It is the first flying vimana mentioned in existing Hindu texts (as distinct from the gods' flying horse-drawn chariots). Pushpaka was originally made by Vishvakarma for Brahma, the Hindu god of creation; later Brahma gave it to Kubera, the God of wealth; but it was later stolen, along with Lanka, by his half-brother, king Ravana.

Jain literature edit

Vimāna-vāsin ('dweller in vimāna') is a class of deities who served the tīrthaṃkara Mahā-vīra.[6] These Vaimānika deities dwell in the Ūrdhva Loka heavens. According to the Kalpa Sūtra of Bhadra-bāhu, the 24th tīrthaṃkara Mahā-vīra himself emerged from the great vimāna Puṣpa-uttara;[7] whereas the 22nd tīrthaṃkara Ariṣṭa-nemi emerged from the great vimāna Aparijita.[8] The tīrthaṃkara-s Abhinandana (4th) and Sumati-nātha (5th) both[9] traveled through the sky in the "Jayanta-vimāna", namely the great vimāna Sarva-artha-siddhi, which was owned by[10] the Jayanta deities; whereas the tīrthaṃkara Dharma-nātha (15th) traveled through the sky in the "Vijaya-vimāna".[11] A vimāna may be seen in a dream, such as the nalinī-gulma.[12][13]

Ashoka Edict IV edit

Ashoka mentions a model vimana ("aerial chariot") as part of the festivities or procession which were organised during his reign.[14]

In times past, for many hundreds of years, there had ever been promoted the killing of animals and the hurting of living beings, discourtesy to relatives, (and) discourtesy to Sramanas and Brahmanas. But now, in consequence of the practice of morality on the part of king Devanampriya Priyadarsin, the sound of drums has become the sound of morality, showing the people representations of aerial chariots, elephants, masses of fire, and other divine figures.

— Ashoka, Major rock Edict no IV

Samarangana Sutradhara edit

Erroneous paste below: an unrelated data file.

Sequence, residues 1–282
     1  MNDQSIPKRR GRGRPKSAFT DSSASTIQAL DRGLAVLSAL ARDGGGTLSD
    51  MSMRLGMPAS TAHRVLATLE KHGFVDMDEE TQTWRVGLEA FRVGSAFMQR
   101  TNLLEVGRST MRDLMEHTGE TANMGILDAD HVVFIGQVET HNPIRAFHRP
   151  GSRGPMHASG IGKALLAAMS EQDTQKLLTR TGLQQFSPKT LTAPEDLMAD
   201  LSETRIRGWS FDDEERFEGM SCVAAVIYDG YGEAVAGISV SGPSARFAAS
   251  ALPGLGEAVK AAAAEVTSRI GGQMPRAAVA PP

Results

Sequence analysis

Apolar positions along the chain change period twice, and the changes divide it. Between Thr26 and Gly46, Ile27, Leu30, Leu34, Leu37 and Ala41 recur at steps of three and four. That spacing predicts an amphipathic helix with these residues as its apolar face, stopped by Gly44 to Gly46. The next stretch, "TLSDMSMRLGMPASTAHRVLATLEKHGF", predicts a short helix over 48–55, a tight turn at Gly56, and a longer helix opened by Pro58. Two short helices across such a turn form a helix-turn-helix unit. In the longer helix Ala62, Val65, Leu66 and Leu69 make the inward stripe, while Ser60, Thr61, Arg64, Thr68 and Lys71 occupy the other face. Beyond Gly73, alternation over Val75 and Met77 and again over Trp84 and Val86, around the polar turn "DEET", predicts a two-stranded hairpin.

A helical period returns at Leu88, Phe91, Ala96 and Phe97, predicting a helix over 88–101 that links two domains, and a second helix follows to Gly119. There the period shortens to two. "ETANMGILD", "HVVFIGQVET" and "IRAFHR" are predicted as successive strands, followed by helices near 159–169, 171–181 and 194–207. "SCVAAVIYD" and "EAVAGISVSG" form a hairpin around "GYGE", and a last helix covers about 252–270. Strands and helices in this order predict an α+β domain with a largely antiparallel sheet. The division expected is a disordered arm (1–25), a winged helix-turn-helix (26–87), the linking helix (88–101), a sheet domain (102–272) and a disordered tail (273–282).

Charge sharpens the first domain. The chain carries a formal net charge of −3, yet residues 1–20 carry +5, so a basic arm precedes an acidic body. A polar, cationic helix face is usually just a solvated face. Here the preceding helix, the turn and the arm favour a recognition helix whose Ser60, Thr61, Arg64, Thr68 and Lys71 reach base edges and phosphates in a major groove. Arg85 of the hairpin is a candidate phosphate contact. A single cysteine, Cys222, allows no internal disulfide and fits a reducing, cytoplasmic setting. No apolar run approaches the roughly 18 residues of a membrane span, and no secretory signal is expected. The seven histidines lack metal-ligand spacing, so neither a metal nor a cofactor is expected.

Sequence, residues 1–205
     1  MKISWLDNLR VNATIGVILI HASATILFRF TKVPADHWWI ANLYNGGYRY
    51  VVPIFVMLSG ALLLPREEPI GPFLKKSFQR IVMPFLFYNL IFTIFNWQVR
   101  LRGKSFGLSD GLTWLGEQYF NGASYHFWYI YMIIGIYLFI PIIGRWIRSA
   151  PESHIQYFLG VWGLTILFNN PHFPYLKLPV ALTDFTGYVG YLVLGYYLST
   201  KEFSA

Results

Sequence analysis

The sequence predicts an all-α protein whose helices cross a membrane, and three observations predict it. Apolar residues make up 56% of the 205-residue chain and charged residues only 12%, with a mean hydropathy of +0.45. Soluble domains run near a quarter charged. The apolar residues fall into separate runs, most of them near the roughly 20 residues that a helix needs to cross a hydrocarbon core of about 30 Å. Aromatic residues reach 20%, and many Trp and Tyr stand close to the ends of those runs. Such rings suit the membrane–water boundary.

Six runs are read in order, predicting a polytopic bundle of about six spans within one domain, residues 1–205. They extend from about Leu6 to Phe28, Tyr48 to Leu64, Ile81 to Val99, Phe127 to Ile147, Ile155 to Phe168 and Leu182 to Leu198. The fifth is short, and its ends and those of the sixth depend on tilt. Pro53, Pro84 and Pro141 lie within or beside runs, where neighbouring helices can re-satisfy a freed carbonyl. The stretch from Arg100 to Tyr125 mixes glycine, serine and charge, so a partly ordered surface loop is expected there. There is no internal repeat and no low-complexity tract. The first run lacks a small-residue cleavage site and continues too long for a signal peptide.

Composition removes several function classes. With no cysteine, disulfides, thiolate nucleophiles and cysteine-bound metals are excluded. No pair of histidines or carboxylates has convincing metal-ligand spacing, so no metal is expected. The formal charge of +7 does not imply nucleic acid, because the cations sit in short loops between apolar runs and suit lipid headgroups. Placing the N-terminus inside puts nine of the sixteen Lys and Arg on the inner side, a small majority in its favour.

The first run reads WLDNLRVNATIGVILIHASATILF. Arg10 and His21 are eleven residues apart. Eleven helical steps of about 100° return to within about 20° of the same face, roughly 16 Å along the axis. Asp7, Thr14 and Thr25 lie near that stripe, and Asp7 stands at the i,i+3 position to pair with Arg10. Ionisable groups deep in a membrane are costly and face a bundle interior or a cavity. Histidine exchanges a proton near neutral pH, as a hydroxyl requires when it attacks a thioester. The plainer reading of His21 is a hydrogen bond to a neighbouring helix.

Chapter 31 of Samarangana Sutradhara, an 11th-century treatise on architecture, discusses machinery and automata, discussing their operation in terms of the four elements and aether, but suggesting that mercury may be an element in its own right.[15] The author says he has personally seen most of the devices he describes in use, but does not specify which ones. The list includes two wooden aircraft, referred to as "vimanas": a "light" one shaped like a huge bird and a "heavy" one shaped like a temple.[16] Both types contain a fire chamber which heats a container of mercury, somehow causing the aircraft to rise from the ground. However, the description is purposely left incomplete for ethical reasons:

"The construction of the machines has not been explained
For the sake of secrecy, and not due to lack of knowledge.
In that respect, that should be known as the reason -
They are not fruitful when disclosed".[15]

Vaimānika Shāstra edit

 
An illustration of the Shakuna Vimana that is supposed to fly like a bird with hinged wings and tail.[17]

The Vaimānika Shāstra is an early 20th-century Sanskrit text on aeronautics, obtained allegedly by mental channeling, about the construction of vimānas, the "chariots of the Gods". The existence of the text was revealed in 1952 by G. R. Josyer, according to whom it was written by one Pandit Subbaraya Shastry, who dictated it in 1918–1923. A Hindi translation was published in 1959, the Sanskrit text with an English translation in 1973. It has 3000 shlokas in 8 chapters. Subbaraya Shastry allegedly stated that the content was dictated to him by Maharishi Bharadvaja.[18] A study by aeronautical and mechanical engineering at Indian Institute of Science, Bangalore in 1974 concluded that the aircraft described in the text were "poor concoctions" and that the author showed a complete lack of understanding of aeronautics.[19]